In much of Modiano's work memory becomes active because it is closely linked to action even if it seems to be interested in bringing up the past. However, rather than seeing books like The Search Warrant, Afterimages and others like Flowers of Ruin or Suspended Sentences as novels determined to discover the past, as in very different ways a detective novel might work out the precise details of a murder committed, or a Holocaust novel will reveal the mild-mannered bar-owner was in the past a butcher in a concentration camp, as both the detective and the narrator want the past uncovered, Modiano's characters appear to exist in a Paris where the search is a constant exploration of time present that is also revealing and hiding times past, aware of the multiple and the manifold while one moves through space. As the narrators says in The Search Warrant: "And suddenly, one has a feeling of vertigo, as if Cosette and Jean Valjean, to escape Javert and his police, have taken a leap into space: thus far, they have been following real Paris streets and now, abruptly, Victor Hugo, thrusts them into the imaginary district of Paris which he calls the Petit Picpus."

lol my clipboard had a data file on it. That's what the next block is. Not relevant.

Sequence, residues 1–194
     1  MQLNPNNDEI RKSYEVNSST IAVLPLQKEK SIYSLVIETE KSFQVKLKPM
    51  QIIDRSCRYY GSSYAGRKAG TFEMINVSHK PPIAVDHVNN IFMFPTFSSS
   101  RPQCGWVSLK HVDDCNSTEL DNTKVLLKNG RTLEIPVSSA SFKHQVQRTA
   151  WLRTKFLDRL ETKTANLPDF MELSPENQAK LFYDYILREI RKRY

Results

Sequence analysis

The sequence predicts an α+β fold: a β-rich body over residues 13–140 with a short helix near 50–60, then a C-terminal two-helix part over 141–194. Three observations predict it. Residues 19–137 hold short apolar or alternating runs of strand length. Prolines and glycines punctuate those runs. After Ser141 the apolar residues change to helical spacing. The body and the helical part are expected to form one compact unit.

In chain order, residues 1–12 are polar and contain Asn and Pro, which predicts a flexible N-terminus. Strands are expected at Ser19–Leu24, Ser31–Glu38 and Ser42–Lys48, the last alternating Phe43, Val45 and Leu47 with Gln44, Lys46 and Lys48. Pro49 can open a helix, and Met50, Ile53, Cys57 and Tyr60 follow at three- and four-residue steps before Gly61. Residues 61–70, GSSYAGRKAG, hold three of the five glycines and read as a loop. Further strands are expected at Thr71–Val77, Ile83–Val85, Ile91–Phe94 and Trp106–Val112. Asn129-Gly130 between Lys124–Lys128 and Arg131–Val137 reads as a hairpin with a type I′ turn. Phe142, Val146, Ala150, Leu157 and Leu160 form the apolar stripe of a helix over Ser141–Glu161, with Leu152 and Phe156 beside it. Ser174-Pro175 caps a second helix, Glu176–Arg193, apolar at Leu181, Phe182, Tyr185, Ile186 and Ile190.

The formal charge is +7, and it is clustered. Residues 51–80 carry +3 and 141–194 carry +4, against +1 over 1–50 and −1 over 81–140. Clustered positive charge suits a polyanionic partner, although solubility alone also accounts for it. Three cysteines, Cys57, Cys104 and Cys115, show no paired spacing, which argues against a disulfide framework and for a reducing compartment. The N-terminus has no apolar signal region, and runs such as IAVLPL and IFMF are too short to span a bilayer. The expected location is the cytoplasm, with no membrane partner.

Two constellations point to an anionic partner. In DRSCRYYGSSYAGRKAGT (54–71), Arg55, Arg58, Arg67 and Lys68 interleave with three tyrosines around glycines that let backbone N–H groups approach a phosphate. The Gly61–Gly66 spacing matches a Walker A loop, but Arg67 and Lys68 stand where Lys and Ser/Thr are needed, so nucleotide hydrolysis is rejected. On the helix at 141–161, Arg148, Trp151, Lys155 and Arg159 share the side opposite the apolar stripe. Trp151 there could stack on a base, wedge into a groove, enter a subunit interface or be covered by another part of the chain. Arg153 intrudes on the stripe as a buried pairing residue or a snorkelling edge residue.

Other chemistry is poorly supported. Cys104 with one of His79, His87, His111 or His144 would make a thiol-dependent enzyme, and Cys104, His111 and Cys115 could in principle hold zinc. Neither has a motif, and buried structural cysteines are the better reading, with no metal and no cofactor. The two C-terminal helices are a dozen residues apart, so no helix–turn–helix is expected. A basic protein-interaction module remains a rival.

Modiano brings together the fictional world of Hugo, the actual world of Paris that the narrator moves through, and the hypothetical world he creates for Dora based on the facts he has available. But what is actual is the narrator moving through space, finding in the topography of the French capital reveries that dissolve the categories of fact, fiction and supposition. The narrator in The Search Warrant says, "I remember the intensity of my feelings while I was on the run in January 1960 - an intensity such as I have seldom known." He draws similarities between a moment when he ran away from a boarding school with Dora running away from the convent almost twenty years earlier. There is potentially insensitive egoism in this: in the narrator (whose biography resembles Modiano's) comparing his escape in the post-war years with Dora's during the war and at a time when Jewish lives were constantly at risk. But there is, even more, a topographic empathy as the narrator in the present moves through the city, musing over the past that incorporates both Dora's escape and his own. It is as if space dissolves but it can only do so because of space in the first instance. All these memories evoked are evident because our narrator is constantly searching through the city to find cues and clues for modes of recollection. If Proust could keep expanding memory out of a sensation, as a taste invokes a memory that invokes a smell which invokes a person that invokes an anecdote and before we know it we are in the life of Swann, then rather than the expansive memories of Proust which suggests an ever-growing ripple from a stone thrown into the water, Modiano's approach to memory is to allow it both more deliberation and greater contingency. The novels are often shown to have similarities with detective fiction but it is as if the detective can't quite keep his mind on the case because each element of the story constantly opens up memory circuits that become as, if not more, important than the case under scrutiny. When Modiano sets up the start of The Search Warrant we may wonder which story from the circuits of memory that are being invoked he will explore. "The time I've spent, waiting in those cafes...first thing in the morning, when it was still dark. Early in the evening, at dusk. Late on, at closing time..." There is a story to tell but that doesn't concern Dora Bruder whose war-time address he would have passed many times during the years that he was waiting in those cafes. As he says, "in 1965, I knew nothing of Dora Bruder" even if he might now wonder whether so much of that waiting was because, "although as yet unaware of it, I was on the track of Dora Bruder and her parents. Already, imperceptibly they were there." This is a paradox that the same time isn't irrresolveable. It is true that he was there and that the Bruders had been there before him but imagine a detective arriving at the scene of a crime years before it was committed, or staking out a place for a crime that had been committed long before but that the detective knew nothing about it? We are beginning to see how close and how far away from detective fiction Modiano happens to be. He is close in the sense that his novels are often investigations. While reading through The Search Warrant, the reader wants to know what exactly happened to Dora, what she did and who she spent time with during the period she escaped from the Convent. These are the sort of inductive questions detective fiction often asks even if there is for the detective a constantly pragmatic need for an answer. When the investigator asks a suspect where they were on the night of the murder, he or she isn't interested in where they were as an empathic concern but to decide whether they are the guilty party. If their alibi is strong they no longer become the detective's concern; if weak, the detective keeps looking for more evidence for their possible guilt. Then the detective may stake out the person's place, seeing who comes in and goes out, follows them around the streets and tries and resolve the case.